Spending many hours a week on a college campus, I have been surrounded the last few weeks by coughs and sniffles. Many of them coming from myself. Schools are basically breeding grounds for germs, and most days I feel as though I'm living in a petri dish. If you work in an office or other space surrounded by lots of people, you might feel the same.
When it comes to the cold or flu, B Cells make antibodies that destroy abnormal cells. Once we've been exposed to a cold or flu, we build up immunity to it, so we can't catch the same virus again. But there are more than 200 known viruses that can cause the common cold. Only influenza virus types A, B, and C cause the flu.
At the grocery store, I see people stocking up on orange juice, Emergen-C, hand sanitizers, immune defense pills and "magic elixirs." But what if I told you, these people are only setting themselves up to GET sick. What if I told you that it's the food you eat PRIOR to your exposure to viruses that can make the biggest difference, as well as sleep, assuming your immune system isn't operating at half capacity like little 'ole pregnant moi. Not much you can do there (your body prioritizes the growing fetus to make sure your immune system doesn't attack it. So getting sick while pregnant is just a reminder that your body is doing exactly what it's supposed to be doing). BUT for the majority of you who don't have compromised immune systems, here are some research-supported immune boosting things you can start doing TODAY before you run out to the store to buy a bunch of over-the-counter crap-o-la.
1). Cut Down on Your Intake of Added Sugars
I know I'm a broken record by now, but consuming too much sugar puts stress on our bodies in many ways. In terms of our immune system-- when blood sugar is high, our body generates more free radicals, which damage cells. Antioxidants sacrifice an electron to neutralize these free radicals and prevent further damage. It's important to note that inflammation is a natural and normal immune system function. But when inflammation gets out of control due to poor diet choices, our bodies work harder than they need to. So along comes a cold virus, and what do you think happens?...our immune system is overworked and we end up getting sick.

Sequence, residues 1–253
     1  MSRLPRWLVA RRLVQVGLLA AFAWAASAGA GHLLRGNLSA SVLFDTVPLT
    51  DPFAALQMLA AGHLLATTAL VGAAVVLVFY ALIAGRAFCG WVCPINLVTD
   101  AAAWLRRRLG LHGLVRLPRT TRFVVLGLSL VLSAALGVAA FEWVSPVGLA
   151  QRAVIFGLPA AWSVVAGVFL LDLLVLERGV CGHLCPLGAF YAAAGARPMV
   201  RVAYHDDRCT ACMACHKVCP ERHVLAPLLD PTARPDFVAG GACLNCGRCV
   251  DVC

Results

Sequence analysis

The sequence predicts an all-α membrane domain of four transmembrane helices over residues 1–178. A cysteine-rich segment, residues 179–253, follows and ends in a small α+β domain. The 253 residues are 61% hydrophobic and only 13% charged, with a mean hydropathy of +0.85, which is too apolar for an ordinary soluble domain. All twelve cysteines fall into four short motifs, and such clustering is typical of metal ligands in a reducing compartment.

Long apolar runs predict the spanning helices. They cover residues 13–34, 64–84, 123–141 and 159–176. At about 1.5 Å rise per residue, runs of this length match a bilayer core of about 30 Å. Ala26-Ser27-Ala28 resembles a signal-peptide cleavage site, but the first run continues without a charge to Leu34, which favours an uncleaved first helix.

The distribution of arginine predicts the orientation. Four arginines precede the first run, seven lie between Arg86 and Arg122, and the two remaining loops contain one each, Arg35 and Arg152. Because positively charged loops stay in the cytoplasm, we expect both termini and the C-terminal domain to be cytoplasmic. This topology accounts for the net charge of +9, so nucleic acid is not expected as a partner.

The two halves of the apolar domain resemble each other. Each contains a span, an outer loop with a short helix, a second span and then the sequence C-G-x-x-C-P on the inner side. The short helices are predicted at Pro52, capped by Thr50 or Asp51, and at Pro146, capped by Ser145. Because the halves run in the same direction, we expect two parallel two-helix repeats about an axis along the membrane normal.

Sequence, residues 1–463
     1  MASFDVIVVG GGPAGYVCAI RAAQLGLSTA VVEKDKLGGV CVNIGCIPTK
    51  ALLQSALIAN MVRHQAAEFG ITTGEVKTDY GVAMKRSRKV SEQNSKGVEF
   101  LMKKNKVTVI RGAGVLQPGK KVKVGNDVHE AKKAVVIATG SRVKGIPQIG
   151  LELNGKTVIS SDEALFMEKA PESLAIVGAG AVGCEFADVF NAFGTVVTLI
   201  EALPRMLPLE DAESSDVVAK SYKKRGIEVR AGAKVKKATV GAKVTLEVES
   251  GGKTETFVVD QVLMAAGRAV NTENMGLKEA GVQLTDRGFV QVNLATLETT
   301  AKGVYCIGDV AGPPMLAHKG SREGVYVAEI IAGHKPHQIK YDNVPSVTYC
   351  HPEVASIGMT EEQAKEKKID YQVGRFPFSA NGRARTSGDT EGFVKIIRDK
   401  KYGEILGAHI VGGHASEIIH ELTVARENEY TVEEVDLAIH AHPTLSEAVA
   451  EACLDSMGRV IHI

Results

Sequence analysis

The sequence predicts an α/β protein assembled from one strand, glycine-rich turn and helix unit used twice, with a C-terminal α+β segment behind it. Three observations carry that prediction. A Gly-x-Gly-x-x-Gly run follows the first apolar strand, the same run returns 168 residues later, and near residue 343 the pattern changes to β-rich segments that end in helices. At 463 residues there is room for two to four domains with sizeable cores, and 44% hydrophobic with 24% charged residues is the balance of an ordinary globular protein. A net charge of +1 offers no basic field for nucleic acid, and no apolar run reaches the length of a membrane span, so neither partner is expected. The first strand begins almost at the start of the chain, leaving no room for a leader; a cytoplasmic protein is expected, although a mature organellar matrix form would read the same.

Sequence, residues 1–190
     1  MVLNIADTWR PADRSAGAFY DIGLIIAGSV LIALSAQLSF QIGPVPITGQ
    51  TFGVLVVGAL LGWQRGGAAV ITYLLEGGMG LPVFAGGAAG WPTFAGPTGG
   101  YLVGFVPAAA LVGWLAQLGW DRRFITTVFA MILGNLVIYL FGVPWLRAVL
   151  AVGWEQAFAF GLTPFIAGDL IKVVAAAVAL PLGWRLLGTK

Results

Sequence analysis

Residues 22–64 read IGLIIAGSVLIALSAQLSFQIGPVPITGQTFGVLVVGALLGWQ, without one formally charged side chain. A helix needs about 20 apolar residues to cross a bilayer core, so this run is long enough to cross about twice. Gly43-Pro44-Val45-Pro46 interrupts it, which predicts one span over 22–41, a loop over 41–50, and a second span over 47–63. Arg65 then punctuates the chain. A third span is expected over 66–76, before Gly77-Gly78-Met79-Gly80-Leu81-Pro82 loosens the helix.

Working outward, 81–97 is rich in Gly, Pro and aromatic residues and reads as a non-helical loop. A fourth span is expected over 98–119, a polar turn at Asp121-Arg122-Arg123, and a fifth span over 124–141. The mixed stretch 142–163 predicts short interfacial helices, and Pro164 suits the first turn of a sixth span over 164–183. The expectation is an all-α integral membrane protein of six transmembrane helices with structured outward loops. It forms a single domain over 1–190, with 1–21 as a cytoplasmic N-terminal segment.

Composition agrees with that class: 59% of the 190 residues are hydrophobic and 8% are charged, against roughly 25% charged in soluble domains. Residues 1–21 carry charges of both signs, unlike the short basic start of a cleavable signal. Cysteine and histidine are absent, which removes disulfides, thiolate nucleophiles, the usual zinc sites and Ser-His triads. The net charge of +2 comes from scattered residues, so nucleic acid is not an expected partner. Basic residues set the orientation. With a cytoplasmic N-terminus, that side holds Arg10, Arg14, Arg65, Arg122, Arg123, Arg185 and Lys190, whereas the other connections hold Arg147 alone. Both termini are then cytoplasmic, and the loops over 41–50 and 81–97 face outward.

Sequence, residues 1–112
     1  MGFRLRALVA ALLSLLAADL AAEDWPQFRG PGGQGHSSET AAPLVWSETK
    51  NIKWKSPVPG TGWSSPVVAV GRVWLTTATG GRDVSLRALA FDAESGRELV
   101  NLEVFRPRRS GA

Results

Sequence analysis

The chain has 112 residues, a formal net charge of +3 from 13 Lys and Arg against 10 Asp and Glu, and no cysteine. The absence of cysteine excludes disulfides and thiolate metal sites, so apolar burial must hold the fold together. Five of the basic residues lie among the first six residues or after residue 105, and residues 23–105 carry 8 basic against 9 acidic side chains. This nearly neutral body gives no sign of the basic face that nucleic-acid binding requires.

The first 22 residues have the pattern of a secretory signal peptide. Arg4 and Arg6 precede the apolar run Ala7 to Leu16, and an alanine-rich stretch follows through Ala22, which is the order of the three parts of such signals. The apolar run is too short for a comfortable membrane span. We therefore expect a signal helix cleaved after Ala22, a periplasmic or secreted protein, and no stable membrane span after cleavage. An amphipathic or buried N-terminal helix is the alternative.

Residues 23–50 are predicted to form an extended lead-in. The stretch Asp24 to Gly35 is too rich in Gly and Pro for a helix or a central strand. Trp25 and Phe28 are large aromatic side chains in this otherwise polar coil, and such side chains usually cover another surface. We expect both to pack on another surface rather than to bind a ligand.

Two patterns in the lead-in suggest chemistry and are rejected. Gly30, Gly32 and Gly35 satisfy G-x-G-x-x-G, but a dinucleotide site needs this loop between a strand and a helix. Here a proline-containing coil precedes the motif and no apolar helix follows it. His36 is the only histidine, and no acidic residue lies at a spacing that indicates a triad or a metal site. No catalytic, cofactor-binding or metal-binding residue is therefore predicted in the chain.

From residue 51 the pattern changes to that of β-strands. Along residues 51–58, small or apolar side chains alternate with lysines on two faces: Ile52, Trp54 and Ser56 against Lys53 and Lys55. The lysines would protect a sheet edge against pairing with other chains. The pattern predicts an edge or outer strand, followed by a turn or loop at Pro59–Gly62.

The American Heart Association recommends that adults eat no more than 6 teaspoons of added sugar a day. The average American currently eats 19.5 teaspoons per-day. That adds up to about 66 pounds of added sugar consumed per-person each year. Considering that sugar is naturally occurring in foods like fruit, vegetables...honey, it doesn't take a lot to hit the 6 teaspoon-per-day mark. It takes some getting used to, but after awhile, it becomes second nature to read labels and stay informed about what's really in the food you're eating, especially sneaky added sugars.
2). Eat More Grass-Fed Butter.
Yep. Butter. This info comes directly from the Dietitians at Nutritional Weight and Wellness.
Butter from grass-fed cows is a major source of heart-healthy nutrients. Butter contains about 400 kinds of fatty acids, including Omega-3s and medium and short chain fatty acids (MCTs). MCTs support our immune system and boost our metabolism (coconut oil is another great source of MCTs). They're also converted directly into energy in our body. Our muscles and organs, including our brain, can use them as fuel.
Butter from grass-fed cows is also higher in conjugated linoleic acid (CLA), which provides protection against different types of cancer and helps the body build muscle and burn fat.
Additional benefits: it's an excellent source of Vitamin A (plays a crucial role in the formation and maintenance of teeth, skeletal and soft tissue, mucus membranes and skin, and is essential for reproduction and breastfeeding), Arachidonic Acid (ARA)-- important to optimal immune response, and Vitamin K2.